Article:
Snapchat videos, unlike those on Vine or Instagram or YouTube, have always stood out for the fact that they feel more — to use a fraught word on the internet — authentic. Less edited, less staged, more I just whipped out my phone and now I’m sending you an eight-second selfie of my face with seven chins. It was fun. It was a little weird. And — despite filters that turned you into a hot puppy or a giant, anthropomorphic taco — sending and receiving snaps felt real, in a way that the more meticulously arranged and curated social networks never really do. (Or, at least, “real.”) But over the past few months, Snapchat has rolled out several new features that seem poised to change all this. As the app has gotten more user-friendly — several new ways to search the previously unsearchable app — it has also become easier for users to curate and modify the content they share.
When Snapchat launched in 2011, Snap Stories — content that lives on the app for 24 hours before vanishing — were but yet a twinkle in Evan Spiegel’s secretly Spectacles-adorned eyes. Instead, it was the app you used to send short-lived photos to your friends and, as alleged by horrified mothers everywhere, to sext. (Moms, if you’re reading this, Snapchat was never really for sexting. Honest.) You’d be mid-commute, open the app, take a selfie grimacing on a stopped train, caption it, “Who is running 15 minutes late?” draw a red arrow to your frowning face and write “this kid” in some crappy cursive, and send it to a half-dozen people. They’d reply with a snap of their own, “same, girl.” Or you’d send a photo of yourself downing a beer to your contacts on a Friday night, and wait and watch as the “reply chug” snaps rolled in. Maybe you’d screenshot a few to mock your friends later. (This was a simpler time before secret screenshotting hacks had been discovered, so at the very least your friend would know you had the picture.) That was Snapchat. And Snapchat was good.
But once the app grew — which, understandably, it had to do to stay competitive — into a place to publicly post longer content for a wider audience, the simple fun that made the app good began to shrink.
Earlier this spring, Snapchat quietly changed the way photos and videos previously taken in the app look when users re-post them. Let’s say you’re at a Chainsmokers concert — I’m so sorry — but cell service is spotty, so you can’t upload your snaps immediately. If you film clips of the concert on your phone’s camera and upload them to your Snapchat Story later, your videos would have a white border around them and a small header reading, “from Camera Roll.” For most of Snapchat’s existence, this was the only way you could snap videos you’d taken in the past, and it meant that videos not taken at that moment, directly for Snapchat, stood out in the app.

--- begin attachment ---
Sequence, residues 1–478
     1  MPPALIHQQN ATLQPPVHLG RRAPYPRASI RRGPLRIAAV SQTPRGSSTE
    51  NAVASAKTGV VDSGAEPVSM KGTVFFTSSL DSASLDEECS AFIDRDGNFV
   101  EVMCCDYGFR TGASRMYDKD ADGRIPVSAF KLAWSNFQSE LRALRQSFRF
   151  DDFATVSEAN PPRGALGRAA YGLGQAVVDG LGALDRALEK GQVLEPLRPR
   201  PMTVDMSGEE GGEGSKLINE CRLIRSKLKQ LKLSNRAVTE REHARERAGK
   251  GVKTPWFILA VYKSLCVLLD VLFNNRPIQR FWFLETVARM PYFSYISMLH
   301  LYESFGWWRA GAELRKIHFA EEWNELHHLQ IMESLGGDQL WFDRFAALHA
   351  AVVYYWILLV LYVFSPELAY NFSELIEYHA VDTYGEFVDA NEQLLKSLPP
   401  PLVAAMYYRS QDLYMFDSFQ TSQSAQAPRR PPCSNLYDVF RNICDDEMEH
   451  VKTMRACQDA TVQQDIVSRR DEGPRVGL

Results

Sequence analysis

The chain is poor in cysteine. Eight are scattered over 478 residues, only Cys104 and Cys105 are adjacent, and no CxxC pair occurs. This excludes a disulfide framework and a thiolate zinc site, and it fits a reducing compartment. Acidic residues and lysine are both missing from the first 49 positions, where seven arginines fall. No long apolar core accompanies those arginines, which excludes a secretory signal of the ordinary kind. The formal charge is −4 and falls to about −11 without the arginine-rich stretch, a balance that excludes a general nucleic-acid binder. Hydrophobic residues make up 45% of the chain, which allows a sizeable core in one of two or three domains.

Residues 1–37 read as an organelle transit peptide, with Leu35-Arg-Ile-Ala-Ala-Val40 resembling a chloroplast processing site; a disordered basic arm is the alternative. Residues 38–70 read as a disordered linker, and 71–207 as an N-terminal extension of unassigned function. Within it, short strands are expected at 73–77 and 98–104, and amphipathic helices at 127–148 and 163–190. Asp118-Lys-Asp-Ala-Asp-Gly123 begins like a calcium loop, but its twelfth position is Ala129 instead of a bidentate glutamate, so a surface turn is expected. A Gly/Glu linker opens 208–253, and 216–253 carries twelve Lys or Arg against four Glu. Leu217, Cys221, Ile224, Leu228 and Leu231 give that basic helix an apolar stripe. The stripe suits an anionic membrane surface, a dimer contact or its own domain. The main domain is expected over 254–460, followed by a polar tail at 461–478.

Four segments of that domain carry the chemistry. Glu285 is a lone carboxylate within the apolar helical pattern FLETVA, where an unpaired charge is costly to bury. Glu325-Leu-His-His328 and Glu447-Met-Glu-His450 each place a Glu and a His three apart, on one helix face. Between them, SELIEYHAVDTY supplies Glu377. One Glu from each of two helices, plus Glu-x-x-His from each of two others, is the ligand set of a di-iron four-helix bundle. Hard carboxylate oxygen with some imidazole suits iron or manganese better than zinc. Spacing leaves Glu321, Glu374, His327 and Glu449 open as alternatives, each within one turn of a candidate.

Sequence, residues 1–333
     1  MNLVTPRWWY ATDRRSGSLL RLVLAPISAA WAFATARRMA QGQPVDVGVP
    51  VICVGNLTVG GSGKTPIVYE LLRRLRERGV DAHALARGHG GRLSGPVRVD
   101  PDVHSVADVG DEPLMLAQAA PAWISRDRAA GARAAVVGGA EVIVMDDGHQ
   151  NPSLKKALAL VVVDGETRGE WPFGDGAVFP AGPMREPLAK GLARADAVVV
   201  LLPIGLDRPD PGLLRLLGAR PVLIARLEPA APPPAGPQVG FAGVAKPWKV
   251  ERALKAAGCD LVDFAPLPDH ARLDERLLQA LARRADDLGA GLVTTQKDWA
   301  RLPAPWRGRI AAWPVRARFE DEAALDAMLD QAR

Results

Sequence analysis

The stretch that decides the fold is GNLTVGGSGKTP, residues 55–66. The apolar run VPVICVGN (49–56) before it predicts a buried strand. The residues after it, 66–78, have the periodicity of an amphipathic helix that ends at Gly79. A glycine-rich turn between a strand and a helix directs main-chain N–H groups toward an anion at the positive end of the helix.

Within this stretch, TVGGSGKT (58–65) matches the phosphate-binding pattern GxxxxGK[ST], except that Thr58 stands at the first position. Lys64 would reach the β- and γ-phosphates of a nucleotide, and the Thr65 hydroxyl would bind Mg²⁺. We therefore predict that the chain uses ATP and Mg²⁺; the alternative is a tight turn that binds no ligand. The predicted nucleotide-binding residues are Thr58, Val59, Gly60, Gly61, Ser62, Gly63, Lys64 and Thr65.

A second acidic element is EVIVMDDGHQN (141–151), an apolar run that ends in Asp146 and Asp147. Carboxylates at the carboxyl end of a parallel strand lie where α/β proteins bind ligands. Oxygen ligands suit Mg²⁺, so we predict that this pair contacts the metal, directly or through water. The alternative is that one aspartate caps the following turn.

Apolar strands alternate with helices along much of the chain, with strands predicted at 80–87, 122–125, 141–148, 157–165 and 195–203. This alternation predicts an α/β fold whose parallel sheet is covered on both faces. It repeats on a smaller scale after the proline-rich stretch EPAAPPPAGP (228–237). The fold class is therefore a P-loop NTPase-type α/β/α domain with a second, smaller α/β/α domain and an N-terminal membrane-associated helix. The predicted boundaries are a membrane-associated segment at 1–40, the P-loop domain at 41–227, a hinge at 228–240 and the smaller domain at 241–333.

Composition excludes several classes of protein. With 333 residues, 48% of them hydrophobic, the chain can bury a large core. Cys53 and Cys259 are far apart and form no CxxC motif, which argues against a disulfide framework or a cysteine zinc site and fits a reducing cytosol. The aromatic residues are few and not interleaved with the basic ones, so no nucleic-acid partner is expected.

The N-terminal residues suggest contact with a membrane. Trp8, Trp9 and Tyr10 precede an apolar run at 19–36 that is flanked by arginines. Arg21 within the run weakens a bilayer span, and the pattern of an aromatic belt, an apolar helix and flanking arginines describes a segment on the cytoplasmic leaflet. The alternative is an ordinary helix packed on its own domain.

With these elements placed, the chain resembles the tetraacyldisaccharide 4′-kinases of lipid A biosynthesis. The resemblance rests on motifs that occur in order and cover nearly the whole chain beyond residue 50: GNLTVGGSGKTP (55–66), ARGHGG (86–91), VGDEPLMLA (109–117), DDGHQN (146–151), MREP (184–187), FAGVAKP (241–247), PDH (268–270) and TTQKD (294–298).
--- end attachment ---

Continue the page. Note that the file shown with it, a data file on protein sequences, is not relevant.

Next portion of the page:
Now, if you film the clips via the Snapchat app, save them as Memories, and then upload them to your story, the border vanishes and the small header reads, “from Memories.” It’s a brilliant strategy on Snapchat’s end because the white border is an aesthetic pain. Users get a cleaner-looking story and Snapchat gets people spending more time engaging with the platform. But it also means, for the cursory viewer, that it’s a lot easier to tap through stories and not realize you’re watching old, re-upped content. Snapchatters can more strategically string their stories together and, chances are, many people watching won’t notice the difference.
Today, Snapchat released several other features that let users play with their content before sending and posting. There’s a looping-video tool that feels reminiscent of our dearly departed Vine. (Videos will play ad nauseam until the user either exits the individual snap or taps to the next upload in a Snap Story.) There’s also a magic-eraser tool. Like the app’s sticker tool, the magic eraser lets users crop out objects from their content. Except, unlike the sticker tool, the magic eraser will entirely remove the selected object and fill in the dead space where it used to be. (In theory. We’ll have to see how cleanly this actually works once users get their hands on the tool.) So if you’re standing on a milk crate holding a bunch of red helium balloons in your hand, you can now magically erase the crate out of the photo and it should look like you’re floating.
There’s a great, old (read: 2016) meme that involves poorly editing videos of baseball hits or basketball shots to make each one seem like a home run or a slam dunk: “Haters gonna say it’s fake.” The joke is, apologies in advance as I explain this meme to you, that the feats are indeed fake. Blatantly so. A clip of a 10-year-old girl aiming and shooting at a driveway hoop spliced with a buzzer shot of a March Madness final kind of fake. The videos are funny because you know they’re bogus. Snapchat content was always the opposite of the that; you knew what you were watching hadn’t been — with a few, very obvious, rainbow-vomit-covered exceptions — heavily modified. Few tools for editing and uploading meant Snapchatters were limited to whatever was in front of them at that exact moment. Or behind, if you went the front-facing-camera route. Sure, there were postproduction options — like doodling or emoji or geofilters — but for the most part, it was a lot of organic video clips and intentionally unflattering selfies. And that was good. Now, Snapchat feels dangerously close to becoming a platform full of overedited — think Vine stars backflipping over lanes of moving traffic to “rescue” cats — content. Content haters are gonna say is fake. And the haters will probably be right.